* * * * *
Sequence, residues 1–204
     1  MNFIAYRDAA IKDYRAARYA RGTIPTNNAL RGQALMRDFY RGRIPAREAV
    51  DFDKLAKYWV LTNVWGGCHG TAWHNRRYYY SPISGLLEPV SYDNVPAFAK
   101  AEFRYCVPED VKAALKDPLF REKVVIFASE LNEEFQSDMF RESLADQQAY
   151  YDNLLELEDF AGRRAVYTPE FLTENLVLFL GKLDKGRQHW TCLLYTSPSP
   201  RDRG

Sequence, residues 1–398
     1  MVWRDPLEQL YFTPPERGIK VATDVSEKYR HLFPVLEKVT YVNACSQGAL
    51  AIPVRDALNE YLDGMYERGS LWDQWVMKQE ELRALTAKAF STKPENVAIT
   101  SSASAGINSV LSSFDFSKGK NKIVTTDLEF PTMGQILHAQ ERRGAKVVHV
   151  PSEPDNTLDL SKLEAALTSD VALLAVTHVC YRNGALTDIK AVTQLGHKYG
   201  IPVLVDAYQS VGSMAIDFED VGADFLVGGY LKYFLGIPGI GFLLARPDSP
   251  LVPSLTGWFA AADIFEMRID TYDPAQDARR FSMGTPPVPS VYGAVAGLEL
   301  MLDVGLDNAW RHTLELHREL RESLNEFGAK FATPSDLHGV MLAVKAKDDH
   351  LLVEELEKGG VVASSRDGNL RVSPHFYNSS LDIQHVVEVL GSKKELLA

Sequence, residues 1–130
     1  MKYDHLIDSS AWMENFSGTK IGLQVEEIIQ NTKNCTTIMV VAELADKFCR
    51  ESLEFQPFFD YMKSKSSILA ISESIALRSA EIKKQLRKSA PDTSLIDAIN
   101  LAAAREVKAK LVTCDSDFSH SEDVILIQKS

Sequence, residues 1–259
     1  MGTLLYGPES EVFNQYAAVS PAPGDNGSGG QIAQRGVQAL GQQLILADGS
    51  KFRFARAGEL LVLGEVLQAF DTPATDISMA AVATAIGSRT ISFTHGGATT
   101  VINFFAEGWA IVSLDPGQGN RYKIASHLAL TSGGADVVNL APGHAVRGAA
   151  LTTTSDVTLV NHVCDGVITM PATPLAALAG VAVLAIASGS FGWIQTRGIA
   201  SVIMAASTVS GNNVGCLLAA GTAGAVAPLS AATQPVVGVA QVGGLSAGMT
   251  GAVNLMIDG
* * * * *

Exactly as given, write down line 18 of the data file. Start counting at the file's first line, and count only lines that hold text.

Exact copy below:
    51  ESLEFQPFFD YMKSKSSILA ISESIALRSA EIKKQLRKSA PDTSLIDAIN